In the smaller meeting room, where Cessna used just a single 5,000-lumen projector, CTI still set up an extra projector and an extra laptop, with a smaller Extron switcher in case of any problems.
McCormick says Cessna used a setup called a presidential teleprompter at the users' conference. The system consists of two flat-screen monitors sitting face up on the floor in front of each podium, each with its image reversed left-to-right. CTI mounts two tempered panes of glass at eye level above the monitors, angled in such a way that the teleprompter text reflects onto the glass for the presenter to see. Audience members can't see the monitors, can't see the text and generally pay little attention to the glass. "We'll often get comments like, 'I can't believe your guys can memorize a speech that long,'" says McCormick.
In addition to the teleprompters, CTI supplied a 17 inch confidence monitor for each podium and fed it the same dual signals going to the projectors. With this setup, presenters never forget their lines and never have to look behind them to see which slides are being projected.
High brightness laser pointers
For the first time this year, Cessna used an RF cuing device and laser pointer in nearly all of the presentations. The problem with most laser pointers, according to Maulin, is that they're just not bright enough to work with a large venue projector. Then too, a typical presentation remote is not helpful if you have someone backstage changing slides for the presenter. The PerfectCue from D'San is bright enough to show up clearly on a 12,000-lumen projected image, and it can be set up to give visual and audible cues to an operator working backstage. "It's a really simple device that is advantageous for the speakers," says McCormick.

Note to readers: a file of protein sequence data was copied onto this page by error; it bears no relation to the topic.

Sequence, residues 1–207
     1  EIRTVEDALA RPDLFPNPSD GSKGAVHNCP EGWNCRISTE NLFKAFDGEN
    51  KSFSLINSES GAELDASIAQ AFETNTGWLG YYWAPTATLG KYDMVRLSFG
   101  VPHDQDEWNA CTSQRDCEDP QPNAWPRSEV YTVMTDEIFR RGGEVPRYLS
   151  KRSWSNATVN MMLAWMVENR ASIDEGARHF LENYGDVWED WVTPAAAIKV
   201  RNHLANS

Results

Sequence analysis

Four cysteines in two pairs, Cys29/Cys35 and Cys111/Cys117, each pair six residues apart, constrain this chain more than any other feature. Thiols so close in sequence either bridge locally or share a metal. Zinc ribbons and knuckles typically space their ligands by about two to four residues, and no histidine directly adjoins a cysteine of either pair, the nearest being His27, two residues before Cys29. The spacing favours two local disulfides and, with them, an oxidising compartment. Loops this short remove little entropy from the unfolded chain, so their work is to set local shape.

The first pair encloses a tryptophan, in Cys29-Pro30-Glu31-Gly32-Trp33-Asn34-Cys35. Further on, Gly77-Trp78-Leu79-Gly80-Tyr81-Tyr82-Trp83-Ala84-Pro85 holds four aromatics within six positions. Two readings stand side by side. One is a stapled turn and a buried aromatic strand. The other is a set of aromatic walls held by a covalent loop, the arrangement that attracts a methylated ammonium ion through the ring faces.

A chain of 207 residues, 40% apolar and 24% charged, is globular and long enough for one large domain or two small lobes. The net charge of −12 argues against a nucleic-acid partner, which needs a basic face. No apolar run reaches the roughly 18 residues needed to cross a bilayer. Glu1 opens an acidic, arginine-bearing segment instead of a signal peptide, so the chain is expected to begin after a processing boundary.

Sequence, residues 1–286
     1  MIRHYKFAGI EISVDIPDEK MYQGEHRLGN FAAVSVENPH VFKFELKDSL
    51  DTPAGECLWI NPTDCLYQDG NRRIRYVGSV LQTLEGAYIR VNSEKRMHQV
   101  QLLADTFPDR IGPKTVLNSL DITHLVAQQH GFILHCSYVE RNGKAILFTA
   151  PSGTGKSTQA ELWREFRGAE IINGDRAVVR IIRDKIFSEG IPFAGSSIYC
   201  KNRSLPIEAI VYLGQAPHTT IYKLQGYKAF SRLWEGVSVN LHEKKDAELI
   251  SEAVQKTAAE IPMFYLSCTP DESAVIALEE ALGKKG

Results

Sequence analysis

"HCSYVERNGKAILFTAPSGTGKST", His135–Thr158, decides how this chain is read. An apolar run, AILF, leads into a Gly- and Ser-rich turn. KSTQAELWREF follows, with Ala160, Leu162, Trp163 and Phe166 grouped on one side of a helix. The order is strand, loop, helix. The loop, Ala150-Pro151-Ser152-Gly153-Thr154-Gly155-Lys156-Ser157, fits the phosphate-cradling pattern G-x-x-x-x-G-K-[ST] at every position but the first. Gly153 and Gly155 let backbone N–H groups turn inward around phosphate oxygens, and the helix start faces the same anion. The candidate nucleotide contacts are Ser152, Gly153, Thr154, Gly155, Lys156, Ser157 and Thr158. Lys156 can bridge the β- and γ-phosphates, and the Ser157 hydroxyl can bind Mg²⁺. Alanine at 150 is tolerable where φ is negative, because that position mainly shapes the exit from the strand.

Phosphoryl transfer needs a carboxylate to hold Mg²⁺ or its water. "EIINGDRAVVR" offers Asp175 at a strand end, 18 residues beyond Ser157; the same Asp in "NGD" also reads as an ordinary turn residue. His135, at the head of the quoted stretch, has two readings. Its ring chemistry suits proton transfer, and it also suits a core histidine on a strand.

For Cessna Aircraft's 2007 Citation Customer Conference, Conference Technologies, Inc. provided side-by-side projection. On the left they will show PowerPoint text, on the right, graphics, photos or video.
Banners and stage lighting
CTI's role in the Cessna show didn't stop with the presentation rooms. Burgardt and CTI technician Adam Bacon flew and professionally lit 29 banners, 30 enlarged aircraft posters and a 20 x 50 foot graphic in the show's exhibit hall and Cessna's Wichita service center, which were the sites of a Monday night customer/vendor and Tuesday night customer/staff social gathering.
The Tuesday night function took place in a hanger, so Cessna was able to bring in a number of historical aircraft as well as a mockup of their newest Citation jet for guests to view. "These are really nice social gatherings," says Burgardt, "with food, drink and a lot for airplane enthusiasts to get excited about. The banners gave them a tremendous look. When you walked into each room, you knew you would have a great time."
"We always provide a recap website," says McCormick, "for people who don't remember everything and for those who want to share something with colleagues who didn't get to go to the conference." CTI helped the effort this year, digitally recording each speech and seminar and delivering the files to Cessna, who converted them to Flash for use on the site.
McCormick says the combination of proven techniques and a first-rate supplier made all the difference this year. "You can get the latest and greatest equipment anywhere," he says, "but if you don't have the right people to help support you or a company with the capability to supply your demands on short notice, it doesn't matter." For more information visit www.conferencetech.com.